A former senior Ulster Unionist has defended his assertion that nationalists are not entitled to full political equality – if that equality exceeds the level of their political mandate.
Lord Kilclooney, the former UUP MP and MEP now sitting as a cross-bench peer, sparked outrage when he said that while nationalists “must have equal opportunity with everyone else,” they are “a political minority in Northern Ireland”.
The remarks were initially made on Twitter but Lord Kilclooney elaborated when invited to do so by the Irish News.
“I get worried when Gerry Adams talks about equality – and I make the distinction between equality of opportunity and equality of political support. The distinction is to ensure that each individual in Northern Ireland is equal in life’s opportunities, whereas politically it means nationalism is a minority political force,” he said.
Then known as John Taylor, in 1998 Lord Kilclooney helped negotiate the Belfast Agreement which ensured Northern Ireland was governed by cross-community consent.
On Wednesday evening he said he found Twitter’s 140-character limit per message “restrictive” resulting in tweets which were “sometimes misconstrued”.
He added: “What I’m saying is that all people, nationalists in particular, must have equal opportunity with everyone else.”
The former minister in an earlier Stormont government went on to say that although nationalists were entitled to their seats on the Stormont Executive, they had to “recognise they are a minority and can’t dictate terms”.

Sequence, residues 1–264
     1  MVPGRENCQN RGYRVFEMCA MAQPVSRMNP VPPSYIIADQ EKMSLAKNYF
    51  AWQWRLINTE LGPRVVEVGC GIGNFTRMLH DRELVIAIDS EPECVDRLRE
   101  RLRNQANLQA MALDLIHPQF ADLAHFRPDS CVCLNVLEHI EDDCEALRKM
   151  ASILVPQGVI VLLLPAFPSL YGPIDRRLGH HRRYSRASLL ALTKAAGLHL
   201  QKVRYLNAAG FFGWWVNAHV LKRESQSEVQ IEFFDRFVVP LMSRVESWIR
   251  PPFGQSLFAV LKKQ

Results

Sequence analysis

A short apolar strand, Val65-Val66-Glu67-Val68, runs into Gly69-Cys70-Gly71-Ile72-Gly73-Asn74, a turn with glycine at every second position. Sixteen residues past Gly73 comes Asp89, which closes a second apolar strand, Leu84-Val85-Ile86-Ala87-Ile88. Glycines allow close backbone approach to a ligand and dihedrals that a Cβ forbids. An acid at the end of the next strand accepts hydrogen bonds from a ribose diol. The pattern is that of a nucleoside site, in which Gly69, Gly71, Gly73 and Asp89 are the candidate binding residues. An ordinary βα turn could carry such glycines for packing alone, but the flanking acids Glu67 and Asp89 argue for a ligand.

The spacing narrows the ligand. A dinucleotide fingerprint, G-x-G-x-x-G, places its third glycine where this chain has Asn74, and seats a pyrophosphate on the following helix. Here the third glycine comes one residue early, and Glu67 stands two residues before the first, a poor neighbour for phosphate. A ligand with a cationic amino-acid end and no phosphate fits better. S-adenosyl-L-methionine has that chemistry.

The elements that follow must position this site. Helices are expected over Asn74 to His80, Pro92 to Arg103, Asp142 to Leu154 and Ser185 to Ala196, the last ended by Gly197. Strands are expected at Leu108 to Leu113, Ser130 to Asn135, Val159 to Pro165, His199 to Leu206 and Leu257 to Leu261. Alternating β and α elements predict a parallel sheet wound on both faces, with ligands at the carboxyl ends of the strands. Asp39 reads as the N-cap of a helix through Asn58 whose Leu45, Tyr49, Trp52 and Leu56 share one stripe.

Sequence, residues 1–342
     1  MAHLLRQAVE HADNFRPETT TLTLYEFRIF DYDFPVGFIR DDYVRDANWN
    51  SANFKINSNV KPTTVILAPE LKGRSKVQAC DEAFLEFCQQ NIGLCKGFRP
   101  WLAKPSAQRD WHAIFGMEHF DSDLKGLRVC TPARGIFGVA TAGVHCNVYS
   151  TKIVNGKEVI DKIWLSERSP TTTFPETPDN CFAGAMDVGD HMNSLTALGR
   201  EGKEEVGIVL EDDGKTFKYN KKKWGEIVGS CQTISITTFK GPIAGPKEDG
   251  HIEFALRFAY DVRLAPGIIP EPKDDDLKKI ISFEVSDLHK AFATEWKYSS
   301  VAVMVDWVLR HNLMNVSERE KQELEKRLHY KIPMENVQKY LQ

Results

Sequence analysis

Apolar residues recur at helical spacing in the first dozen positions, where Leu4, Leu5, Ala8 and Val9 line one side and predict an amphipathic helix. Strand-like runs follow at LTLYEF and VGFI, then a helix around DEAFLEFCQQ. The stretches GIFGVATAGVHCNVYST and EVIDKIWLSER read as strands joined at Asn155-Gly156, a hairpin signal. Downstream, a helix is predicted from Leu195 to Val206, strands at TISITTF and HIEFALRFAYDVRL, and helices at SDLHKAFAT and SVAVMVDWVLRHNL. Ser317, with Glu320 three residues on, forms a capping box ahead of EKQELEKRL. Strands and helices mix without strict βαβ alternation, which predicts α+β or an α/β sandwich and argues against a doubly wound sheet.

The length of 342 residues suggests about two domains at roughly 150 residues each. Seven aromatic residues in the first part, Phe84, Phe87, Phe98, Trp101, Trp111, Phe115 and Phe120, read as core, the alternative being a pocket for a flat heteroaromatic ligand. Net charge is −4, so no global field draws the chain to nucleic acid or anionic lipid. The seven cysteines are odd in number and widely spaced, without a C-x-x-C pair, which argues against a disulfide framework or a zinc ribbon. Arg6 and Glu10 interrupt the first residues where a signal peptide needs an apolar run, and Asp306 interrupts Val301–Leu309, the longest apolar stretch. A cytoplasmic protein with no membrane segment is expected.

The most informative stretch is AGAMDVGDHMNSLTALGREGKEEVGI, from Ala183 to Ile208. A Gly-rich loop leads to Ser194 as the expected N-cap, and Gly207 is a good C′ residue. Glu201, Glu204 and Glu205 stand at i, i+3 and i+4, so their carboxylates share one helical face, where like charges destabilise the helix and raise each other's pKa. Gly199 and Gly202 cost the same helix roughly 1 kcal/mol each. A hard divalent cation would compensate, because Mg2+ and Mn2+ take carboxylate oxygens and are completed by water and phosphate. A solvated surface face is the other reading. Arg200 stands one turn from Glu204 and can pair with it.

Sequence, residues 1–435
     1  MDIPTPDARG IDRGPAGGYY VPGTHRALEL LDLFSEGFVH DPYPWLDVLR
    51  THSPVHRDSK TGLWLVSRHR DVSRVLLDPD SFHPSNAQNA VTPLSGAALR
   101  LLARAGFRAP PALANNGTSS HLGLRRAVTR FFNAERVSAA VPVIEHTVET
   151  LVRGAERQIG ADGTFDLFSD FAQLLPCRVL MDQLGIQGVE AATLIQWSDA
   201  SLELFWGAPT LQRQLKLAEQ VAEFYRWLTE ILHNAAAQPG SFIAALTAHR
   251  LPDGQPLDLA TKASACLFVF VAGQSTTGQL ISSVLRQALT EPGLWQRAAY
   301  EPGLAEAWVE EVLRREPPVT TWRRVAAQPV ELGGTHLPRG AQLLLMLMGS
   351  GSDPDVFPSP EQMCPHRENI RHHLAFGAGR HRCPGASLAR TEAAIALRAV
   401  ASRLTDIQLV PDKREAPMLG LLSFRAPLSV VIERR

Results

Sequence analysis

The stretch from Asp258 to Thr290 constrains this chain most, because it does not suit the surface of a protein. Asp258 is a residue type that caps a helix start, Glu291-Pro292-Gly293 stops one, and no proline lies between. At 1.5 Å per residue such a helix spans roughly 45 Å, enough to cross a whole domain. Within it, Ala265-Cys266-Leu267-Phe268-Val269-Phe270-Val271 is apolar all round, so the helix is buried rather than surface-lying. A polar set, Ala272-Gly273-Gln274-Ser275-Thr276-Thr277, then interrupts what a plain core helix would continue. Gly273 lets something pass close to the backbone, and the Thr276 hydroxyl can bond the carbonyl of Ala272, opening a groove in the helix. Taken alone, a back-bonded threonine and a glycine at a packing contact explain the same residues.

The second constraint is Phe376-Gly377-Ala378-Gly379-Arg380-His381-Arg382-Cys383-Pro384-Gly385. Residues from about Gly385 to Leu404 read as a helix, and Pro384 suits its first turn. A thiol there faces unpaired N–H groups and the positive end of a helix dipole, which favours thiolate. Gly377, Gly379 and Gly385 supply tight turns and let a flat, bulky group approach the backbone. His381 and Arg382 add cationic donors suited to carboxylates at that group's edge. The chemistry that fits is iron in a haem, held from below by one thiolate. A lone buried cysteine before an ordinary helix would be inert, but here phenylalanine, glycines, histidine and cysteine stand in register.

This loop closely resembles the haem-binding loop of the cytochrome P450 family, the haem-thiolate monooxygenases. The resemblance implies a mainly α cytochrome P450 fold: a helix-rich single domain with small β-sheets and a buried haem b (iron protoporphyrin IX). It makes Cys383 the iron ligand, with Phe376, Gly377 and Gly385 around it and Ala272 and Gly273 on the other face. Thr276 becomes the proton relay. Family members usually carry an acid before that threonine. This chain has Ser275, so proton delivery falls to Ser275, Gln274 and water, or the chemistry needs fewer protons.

Lord Kilclooney further defended his position on BBC Radio Ulster’s Talkback programme yesterday.
“It’s very important that in a modern society...that we have equally opportunity for everyone, whether Irish or British, nationalist or unionist, Catholic of Protestant. Equal opportunity is essential for everyone.
“But, when it comes to equality that is a different issue. In political terms, in democratic terms, the pro-united Ireland vote is not equal to the pro-united Kingdom vote. It’s not equality in political terms, but certainly we are equal in individual terms.”
Asked what he meant when he used the word ‘equality,’ Lord Kilclooney said: “That each individual, irrespective of politics or religion, has an equal opportunity in our society to get a job, get a house, to live a free life.”
He also said that while he had concerns about the cost of an Irish language act, he believes “we have a duty to preserve” the Irish language.